Wood Bioenergy and the Southern United States

Wood Energy February 04, 2014 Print Friendly and PDF


Forests are among the South’s most abundant resources. More than 214 million acres of forest land cover the region1 (Figure 1). Approximately 69 percent of the forest land is owned by non-industrial private forest landowners. These forest ecosystems provide a variety of resources including wildlife habitat, watershed protection, recreational areas, and timber production. More than 60 percent of the U.S. wood supply is found in the South, along with more than a third of the wood products jobs in the U.S.1

Figure 1. Forest Cover in the United States source: Wear and Greis, USDA, US Forest Service, Southern Research Station

Needs and Opportunities

The influence of forest resources is most noticeable in the rural South. More than 60 percent of the counties and parishes in the South are considered rural2. Even though the urban population is growing, more than one-quarter of the population still lives in rural areas. These rural communities tend to have economies dominated by the forest industry. Recent downturns in pulpwood markets, resulting in mill closures, job losses, and decreased wood products markets, have negatively impacted many of these rural communities. As a result, these communities want to develop alternatives to traditional wood products-based economies. With an abundant forest resource, it is only natural that individuals and communities are seeking alternative sources of income from the forest.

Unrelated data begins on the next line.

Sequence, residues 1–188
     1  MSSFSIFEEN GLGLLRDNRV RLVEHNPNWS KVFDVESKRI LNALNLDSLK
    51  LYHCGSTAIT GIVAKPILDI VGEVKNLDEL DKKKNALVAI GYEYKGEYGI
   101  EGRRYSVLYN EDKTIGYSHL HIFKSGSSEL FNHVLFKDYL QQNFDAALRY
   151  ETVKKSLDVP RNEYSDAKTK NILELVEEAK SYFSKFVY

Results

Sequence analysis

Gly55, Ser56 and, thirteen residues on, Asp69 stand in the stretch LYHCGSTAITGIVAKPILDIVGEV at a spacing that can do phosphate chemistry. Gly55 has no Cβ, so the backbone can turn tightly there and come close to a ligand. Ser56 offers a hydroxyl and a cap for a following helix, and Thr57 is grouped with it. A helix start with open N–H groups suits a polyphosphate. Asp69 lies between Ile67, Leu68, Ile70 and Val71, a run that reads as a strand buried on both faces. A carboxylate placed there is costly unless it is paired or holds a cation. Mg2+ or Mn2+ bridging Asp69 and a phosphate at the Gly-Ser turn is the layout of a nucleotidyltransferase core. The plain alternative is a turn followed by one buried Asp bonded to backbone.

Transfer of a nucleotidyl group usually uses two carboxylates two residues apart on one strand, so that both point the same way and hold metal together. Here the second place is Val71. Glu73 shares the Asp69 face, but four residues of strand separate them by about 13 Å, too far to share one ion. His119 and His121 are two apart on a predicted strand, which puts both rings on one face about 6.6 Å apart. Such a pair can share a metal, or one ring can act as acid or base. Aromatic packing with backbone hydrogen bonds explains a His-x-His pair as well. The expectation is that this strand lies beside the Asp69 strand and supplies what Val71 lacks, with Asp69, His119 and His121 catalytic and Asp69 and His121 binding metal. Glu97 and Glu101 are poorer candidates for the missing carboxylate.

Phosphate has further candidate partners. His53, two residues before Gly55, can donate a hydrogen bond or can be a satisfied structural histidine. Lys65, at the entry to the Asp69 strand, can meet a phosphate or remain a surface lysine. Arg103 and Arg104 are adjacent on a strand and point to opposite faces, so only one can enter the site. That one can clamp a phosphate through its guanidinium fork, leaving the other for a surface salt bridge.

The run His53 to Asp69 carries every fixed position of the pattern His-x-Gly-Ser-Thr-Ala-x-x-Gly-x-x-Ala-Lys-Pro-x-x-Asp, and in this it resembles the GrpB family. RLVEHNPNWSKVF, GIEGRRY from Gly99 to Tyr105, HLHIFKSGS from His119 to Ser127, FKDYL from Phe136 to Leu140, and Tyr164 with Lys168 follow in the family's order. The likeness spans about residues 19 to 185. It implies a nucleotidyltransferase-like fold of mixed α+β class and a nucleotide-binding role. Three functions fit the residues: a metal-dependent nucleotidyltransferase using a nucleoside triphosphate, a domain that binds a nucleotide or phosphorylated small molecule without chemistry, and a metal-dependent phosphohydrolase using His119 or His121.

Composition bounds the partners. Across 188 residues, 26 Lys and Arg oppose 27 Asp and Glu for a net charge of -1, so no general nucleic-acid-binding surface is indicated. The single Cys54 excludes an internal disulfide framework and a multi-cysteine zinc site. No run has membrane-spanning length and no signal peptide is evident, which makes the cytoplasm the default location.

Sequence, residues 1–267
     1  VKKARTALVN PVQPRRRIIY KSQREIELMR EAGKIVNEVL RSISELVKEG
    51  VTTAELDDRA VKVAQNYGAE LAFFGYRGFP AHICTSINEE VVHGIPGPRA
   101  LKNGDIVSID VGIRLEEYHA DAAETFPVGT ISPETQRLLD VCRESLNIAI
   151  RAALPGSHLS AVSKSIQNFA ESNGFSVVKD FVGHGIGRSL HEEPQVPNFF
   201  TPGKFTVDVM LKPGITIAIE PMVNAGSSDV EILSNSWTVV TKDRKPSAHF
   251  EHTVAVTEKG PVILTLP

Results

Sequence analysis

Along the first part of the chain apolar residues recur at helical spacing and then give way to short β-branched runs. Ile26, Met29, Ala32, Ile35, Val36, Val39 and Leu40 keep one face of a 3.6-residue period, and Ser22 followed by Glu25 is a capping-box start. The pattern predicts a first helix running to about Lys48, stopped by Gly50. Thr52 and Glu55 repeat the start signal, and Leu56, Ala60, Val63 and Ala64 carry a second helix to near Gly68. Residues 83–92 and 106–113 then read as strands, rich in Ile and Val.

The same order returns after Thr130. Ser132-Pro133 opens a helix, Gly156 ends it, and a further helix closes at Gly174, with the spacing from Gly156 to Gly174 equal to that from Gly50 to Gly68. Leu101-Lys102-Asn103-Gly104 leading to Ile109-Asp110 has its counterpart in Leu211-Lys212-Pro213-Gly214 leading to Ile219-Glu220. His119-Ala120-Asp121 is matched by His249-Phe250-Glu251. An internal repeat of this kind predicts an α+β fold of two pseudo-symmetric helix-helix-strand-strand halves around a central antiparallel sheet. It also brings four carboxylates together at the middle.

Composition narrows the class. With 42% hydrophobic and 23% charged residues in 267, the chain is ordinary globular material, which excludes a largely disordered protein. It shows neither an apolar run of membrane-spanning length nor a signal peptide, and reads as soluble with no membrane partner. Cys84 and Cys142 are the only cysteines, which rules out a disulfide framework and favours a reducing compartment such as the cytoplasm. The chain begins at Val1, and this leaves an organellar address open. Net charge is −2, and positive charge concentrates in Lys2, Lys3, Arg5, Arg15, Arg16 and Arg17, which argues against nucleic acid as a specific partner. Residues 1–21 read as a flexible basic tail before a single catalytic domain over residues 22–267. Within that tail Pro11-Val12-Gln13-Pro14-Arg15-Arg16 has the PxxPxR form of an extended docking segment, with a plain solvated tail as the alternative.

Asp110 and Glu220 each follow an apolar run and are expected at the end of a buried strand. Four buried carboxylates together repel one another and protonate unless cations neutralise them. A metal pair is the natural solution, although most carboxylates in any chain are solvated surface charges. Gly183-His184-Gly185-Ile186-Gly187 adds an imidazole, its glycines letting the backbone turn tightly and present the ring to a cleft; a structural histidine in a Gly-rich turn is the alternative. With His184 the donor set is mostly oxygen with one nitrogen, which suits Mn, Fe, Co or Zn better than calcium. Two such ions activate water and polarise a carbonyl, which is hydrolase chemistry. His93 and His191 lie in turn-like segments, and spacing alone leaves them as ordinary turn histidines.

According to the Energy Information Administration, the thirteen southern states consumed more than 39 quadrillion BTUs of energy in 2013. With the forecasted population increase, the amount of energy consumed will also increase exponentially. Total energy consumption is expected to increase at a rate of 1.1 percent per year until the year 2030. Fuel consumption is forecast to increase by 43 percent. Fuel use for light-duty vehicles, including most passenger vehicles, will increase by 42 percent4. Current energy and fuel sources will be unable to keep pace with the increased demand. Therefore, alternative energy and fuel sources need to be explored and used.

The development of a bioenergy industry using woody biomass could have a significant impact on economies in the South. Jobs and income would be created for rural communities throughout the South. Tax revenues, social cohesion, and economic diversification are other benefits that could accrue to communities with the development of a bioenergy industry.

Image 1. A bioenergy plant in Sweden. source: Semida Silveira